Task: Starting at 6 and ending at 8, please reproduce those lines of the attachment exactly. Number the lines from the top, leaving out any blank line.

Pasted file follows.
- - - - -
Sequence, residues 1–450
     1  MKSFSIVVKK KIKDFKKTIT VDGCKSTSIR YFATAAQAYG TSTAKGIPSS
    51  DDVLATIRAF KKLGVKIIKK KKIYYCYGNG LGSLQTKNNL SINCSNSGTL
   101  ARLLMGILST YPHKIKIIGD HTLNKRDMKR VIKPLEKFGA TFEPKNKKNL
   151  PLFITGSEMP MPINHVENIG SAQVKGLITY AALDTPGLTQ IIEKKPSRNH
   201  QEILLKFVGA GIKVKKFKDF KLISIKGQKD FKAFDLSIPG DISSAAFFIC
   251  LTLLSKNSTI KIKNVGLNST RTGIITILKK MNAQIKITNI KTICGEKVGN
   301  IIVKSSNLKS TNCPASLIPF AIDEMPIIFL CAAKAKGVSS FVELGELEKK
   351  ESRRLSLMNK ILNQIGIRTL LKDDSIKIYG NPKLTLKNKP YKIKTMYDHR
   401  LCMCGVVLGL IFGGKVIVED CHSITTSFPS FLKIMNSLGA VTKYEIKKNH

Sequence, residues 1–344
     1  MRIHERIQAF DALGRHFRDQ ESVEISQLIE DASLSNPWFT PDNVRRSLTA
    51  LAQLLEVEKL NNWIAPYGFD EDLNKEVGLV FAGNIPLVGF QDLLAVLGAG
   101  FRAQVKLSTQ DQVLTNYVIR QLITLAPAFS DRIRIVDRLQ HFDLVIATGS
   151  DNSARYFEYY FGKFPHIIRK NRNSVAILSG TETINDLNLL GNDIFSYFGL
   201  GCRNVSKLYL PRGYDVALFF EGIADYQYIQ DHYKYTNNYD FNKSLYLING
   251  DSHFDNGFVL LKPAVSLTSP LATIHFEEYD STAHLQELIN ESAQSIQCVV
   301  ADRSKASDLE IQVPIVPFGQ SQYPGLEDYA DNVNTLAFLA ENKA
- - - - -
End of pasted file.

   201  QEILLKFVGA GIKVKKFKDF KLISIKGQKD FKAFDLSIPG DISSAAFFIC
   251  LTLLSKNSTI KIKNVGLNST RTGIITILKK MNAQIKITNI KTICGEKVGN
   301  IIVKSSNLKS TNCPASLIPF AIDEMPIIFL CAAKAKGVSS FVELGELEKK